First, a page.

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Donor Sperm Insemination

Donor sperm insemination is also known as donor sperm IUI

Donor insemination is the use of artificial insemination – typically intrauterine insemination (IUI) – using donor sperm. Natural conception is dependent on having a certain number of moving sperm. If the numbers are too low to even consider insemination using your partner’s sperm, then we will typically recommend in vitro fertilization (IVF), possibly with intracytoplasmic sperm injection (ICSI). If, however, your partner has essentially no sperm or if IVF is not a financially viable option, donor insemination may be offered as an alternative.

Other scenarios in which donor insemination might be used include: treatment for a single woman or same-sex couple, treatment if a male partner is undergoing radiation or chemotherapy for cancer or as an alternative if the male carries a genetic defect that he would not want to pass on to his children.

Sperm donors are typically less than 40 years of age to minimize the potential risk of genetic abnormalities associated with aging. Usually donors are anonymous (unknown), though occasionally a known donor might be used. A sperm donor has to undergo rigorous blood testing to minimize the risk of transmitting a communicable disease. Also, the Federal Food and Drug Administration (FDA) requires that all donor sperm must be quarantined for a minimum of 6 months prior to use.

Sperm banks (where donor sperm are stored) typically obtain an extensive medical history on the donor as well as his family.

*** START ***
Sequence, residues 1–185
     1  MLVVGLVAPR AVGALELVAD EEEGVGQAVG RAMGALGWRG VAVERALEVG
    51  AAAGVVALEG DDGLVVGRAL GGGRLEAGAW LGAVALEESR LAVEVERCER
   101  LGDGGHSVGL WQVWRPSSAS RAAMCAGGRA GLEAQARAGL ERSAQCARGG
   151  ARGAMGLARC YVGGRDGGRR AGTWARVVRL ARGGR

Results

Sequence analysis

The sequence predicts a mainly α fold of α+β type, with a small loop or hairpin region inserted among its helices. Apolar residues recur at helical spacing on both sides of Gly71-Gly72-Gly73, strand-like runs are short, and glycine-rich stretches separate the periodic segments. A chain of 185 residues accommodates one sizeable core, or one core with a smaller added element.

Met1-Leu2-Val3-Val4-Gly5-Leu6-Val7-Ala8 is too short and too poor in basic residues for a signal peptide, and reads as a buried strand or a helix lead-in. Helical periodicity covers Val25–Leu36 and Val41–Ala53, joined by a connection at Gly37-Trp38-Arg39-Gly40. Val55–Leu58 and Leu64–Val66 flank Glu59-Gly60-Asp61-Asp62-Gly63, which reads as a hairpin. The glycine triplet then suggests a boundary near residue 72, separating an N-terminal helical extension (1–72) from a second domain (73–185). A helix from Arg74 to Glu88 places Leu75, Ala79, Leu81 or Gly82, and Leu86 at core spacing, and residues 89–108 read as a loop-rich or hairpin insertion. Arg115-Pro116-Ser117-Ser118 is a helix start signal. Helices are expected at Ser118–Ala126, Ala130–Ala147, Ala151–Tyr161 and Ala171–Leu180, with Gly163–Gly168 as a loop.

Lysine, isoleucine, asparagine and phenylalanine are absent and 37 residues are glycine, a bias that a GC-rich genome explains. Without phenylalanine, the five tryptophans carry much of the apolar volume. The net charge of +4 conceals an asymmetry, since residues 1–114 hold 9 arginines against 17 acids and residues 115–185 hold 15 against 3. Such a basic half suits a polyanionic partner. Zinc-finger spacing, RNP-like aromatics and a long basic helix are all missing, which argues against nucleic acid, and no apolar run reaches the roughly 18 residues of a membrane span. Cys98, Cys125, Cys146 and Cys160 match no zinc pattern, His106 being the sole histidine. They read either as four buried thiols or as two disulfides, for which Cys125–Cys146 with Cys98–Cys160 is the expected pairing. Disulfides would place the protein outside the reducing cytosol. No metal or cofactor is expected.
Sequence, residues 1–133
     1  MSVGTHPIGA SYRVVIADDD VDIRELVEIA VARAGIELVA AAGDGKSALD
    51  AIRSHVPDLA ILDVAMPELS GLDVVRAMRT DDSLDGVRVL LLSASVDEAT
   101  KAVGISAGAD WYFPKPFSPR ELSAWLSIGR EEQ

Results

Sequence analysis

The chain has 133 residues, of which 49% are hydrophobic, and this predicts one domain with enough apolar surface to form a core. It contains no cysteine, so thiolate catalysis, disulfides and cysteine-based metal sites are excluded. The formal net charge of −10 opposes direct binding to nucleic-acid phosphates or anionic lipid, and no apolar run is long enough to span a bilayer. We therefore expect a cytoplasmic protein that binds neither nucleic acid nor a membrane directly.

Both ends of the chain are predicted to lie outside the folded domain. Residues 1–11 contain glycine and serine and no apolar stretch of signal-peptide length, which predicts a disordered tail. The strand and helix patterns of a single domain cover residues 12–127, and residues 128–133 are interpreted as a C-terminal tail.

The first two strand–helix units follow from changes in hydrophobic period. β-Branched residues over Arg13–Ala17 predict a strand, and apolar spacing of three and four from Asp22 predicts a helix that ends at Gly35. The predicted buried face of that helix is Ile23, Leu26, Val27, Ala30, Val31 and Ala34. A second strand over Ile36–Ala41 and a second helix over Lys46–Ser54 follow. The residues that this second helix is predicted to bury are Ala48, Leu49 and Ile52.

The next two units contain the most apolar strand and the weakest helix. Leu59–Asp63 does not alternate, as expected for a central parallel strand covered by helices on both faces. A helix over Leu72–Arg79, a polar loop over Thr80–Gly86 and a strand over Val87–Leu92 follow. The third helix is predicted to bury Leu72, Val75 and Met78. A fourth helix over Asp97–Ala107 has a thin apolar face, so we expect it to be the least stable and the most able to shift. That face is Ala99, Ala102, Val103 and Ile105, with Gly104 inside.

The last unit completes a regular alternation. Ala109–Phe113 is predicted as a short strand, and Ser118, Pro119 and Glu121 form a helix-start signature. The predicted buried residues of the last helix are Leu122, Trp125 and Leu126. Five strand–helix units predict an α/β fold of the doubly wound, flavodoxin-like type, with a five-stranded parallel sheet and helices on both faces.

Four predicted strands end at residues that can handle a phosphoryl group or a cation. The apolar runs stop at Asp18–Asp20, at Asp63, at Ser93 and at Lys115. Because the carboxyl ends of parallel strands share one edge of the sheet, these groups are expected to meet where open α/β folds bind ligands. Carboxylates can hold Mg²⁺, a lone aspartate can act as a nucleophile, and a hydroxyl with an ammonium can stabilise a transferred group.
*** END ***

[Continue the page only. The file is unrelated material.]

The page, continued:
They will provide you with detailed information about his education, appearance, hobbies, and interests upon request. The sperm donor will undergo an initial semen analysis to confirm that the sperm are of good enough quality to undergo freezing and thawing. If selected, the donor will produce further samples which are washed, concentrated, and frozen for at least 6 months. At this time the donor is retested for communicable diseases, and the sperm are then only available for release if all repeat testing is negative.

Preparation for donor insemination includes ruling out other possible causes of infertility.

Therefore a history, physical exam, blood work, and a hysterosalpingogram (HSG) will usually be performed. The timing of insemination depends on the regularity of the recipient woman’s menstrual cycle. If she is young and has regular, predictable menstrual cycles, than donor insemination can be performed the day after a positiveovulation predictor kit (OPK) reading. If the menstrual cycles are irregular, and/or if the woman is older, then other medications (i.e. Clomid or gonadotropins) may be added with additional monitoring to increase the chance of success.

The actual donor insemination is a quick, simple procedure that is performed in the office. The woman is positioned on the examination table for a pelvic examination. A speculum is inserted into the vagina to visualize the cervix. The washed semen specimen is placed through the cervix and into the uterine cavity through a flexible narrow catheter. Some people may experience mild cramping or spotting with this; more significant symptoms are rare.

The success rate of donor insemination varies according to the patient’s age as well as the presence of other factors influencing fertility (i.e. endometriosis or tubal disease). In an appropriately selected population, the chance of pregnancy simply using donor insemination ranges from 8-15%. The success rate may be higher if other medications are used to stimulate the ovaries. Donor insemination does not increase the risk of birth defects.


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